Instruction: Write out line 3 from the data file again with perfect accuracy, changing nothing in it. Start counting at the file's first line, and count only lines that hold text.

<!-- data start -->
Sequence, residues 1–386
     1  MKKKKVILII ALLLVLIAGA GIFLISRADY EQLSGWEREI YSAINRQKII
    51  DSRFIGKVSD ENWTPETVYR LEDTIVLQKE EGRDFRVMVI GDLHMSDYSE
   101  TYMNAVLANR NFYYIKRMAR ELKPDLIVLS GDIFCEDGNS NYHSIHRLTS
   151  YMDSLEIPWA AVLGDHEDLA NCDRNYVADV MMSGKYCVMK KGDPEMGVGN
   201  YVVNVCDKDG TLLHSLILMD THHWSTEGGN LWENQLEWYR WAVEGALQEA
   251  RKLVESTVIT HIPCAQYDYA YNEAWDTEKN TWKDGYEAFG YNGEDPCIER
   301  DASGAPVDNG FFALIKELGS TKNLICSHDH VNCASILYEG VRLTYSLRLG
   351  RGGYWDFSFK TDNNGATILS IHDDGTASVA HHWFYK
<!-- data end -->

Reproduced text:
    51  DSRFIGKVSD ENWTPETVYR LEDTIVLQKE EGRDFRVMVI GDLHMSDYSE